Why Mother Tongue is so important
Mother languages are essential to providing quality education, which in turn supports the achievement of the new global development agenda, according to the head of UNESCO.
Speaking on the International Day established to promote the preservation and protection of all languages used by peoples of the world, UNESCO Director-General Irina Bokova emphasized that “mother languages in a multilingual approach are essential components of quality education, which is itself the foundation for empowering women and men and their societies.”
She underscored the need to recognize and nurture this power, in order to “leave no one behind” and “craft a more just and sustainable future for all.”
This year’s theme of the Mother Language Day earlier this week was “quality education, language(s) of instruction and learning outcomes,” she said.
Goal 4 of the 2030 Agenda for Sustainable Development focuses on quality education and lifelong learning for all, to enable every woman and man to acquire skills, knowledge, and values to become everything they wish and participate fully in their societies, she said, noting that this is especially important for girls and women, as well as minorities, indigenous peoples, and rural populations.
UNESCO’s Education 2030 Framework for Action, a road-map to implement the 2030 Agenda, encourages full respect for the use of mother language in teaching and learning, and the promotion and preservation of linguistic diversity, Ms Bokova said.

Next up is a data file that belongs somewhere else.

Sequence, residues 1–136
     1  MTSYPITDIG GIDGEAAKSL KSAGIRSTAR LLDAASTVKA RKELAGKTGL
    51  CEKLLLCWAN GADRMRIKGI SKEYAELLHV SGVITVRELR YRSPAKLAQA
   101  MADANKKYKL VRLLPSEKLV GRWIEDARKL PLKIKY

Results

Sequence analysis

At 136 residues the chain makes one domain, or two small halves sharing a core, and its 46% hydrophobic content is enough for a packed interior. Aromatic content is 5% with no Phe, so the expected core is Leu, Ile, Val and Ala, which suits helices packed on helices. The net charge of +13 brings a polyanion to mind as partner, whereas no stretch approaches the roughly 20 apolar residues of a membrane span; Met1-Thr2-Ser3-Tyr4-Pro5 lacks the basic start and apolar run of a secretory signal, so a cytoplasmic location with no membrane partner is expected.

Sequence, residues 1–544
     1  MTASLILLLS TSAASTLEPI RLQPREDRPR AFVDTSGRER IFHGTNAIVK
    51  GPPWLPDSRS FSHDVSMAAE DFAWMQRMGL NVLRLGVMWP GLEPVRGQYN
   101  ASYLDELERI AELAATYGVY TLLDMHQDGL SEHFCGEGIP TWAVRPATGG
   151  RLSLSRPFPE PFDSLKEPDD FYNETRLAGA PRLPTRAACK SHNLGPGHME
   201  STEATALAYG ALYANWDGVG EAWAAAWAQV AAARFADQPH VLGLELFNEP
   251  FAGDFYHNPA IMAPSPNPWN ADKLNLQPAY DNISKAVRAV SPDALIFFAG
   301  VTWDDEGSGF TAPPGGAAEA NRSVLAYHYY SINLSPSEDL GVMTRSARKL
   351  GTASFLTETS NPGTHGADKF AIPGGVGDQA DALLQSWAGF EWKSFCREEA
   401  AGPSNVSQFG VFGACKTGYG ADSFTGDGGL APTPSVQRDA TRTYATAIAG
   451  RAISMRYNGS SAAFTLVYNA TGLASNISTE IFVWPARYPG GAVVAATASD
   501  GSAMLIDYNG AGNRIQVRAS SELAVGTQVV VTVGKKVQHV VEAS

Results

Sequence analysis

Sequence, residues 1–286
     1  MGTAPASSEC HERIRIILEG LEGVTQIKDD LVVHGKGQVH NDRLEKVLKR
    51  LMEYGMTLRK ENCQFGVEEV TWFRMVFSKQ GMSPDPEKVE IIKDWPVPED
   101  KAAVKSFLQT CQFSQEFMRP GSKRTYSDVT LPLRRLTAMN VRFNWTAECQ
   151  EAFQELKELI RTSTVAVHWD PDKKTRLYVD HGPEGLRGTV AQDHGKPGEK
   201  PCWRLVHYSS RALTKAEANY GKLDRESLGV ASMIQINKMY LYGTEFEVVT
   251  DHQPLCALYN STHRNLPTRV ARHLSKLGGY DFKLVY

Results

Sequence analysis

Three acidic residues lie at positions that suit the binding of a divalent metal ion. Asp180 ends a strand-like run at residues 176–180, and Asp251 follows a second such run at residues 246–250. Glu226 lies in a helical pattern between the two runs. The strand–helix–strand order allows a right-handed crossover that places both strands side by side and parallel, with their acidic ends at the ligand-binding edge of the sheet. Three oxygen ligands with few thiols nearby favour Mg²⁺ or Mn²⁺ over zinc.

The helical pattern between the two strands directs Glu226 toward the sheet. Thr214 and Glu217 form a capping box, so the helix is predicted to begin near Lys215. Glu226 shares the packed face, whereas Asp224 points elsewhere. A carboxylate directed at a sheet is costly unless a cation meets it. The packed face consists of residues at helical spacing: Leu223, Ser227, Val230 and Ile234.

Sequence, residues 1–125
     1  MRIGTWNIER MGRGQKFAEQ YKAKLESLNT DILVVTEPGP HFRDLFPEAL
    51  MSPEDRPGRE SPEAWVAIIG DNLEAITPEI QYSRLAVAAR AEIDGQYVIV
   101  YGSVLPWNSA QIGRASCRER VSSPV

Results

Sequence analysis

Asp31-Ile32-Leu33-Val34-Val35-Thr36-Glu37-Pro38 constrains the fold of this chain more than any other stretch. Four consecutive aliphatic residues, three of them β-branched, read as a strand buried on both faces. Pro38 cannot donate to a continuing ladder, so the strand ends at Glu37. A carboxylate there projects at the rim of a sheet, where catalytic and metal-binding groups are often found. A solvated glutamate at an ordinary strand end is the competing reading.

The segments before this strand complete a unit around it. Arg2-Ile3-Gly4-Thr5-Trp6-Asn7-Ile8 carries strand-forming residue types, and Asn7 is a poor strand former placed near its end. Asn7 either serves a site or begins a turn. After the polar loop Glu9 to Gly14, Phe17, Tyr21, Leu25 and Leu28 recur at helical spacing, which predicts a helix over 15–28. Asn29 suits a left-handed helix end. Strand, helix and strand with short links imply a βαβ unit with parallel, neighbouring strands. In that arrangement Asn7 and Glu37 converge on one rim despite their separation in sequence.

“Multilingualism is essential to drive these objectives forward – it is vital for success across the 2030 Agenda, regarding growth, employment and health, as well as sustainable consumption and production, and climate change,” she said.
UNESCO brings the same focus to advancing linguistic diversity on the Internet, through support to relevant local content as well as media and information literacy, explained Ms. Bokova.
Through the Local and Indigenous Knowledge Systems (LINKS) program, UNESCO is highlighting the importance of mother and local languages as channels for safeguarding and sharing indigenous cultures and knowledge, which are vast reservoirs of wisdom.
International Mother Language Day was proclaimed by the UNESCO General Conference in November 1999, and has been observed every year since February 2000 to promote linguistic and cultural diversity and multilingualism.
The date represents the day in 1952 when students demonstrating for recognition of their language, Bangla, as one of the two national languages of the then Pakistan, were shot and killed by police in Dhaka, the capital of what is now Bangladesh.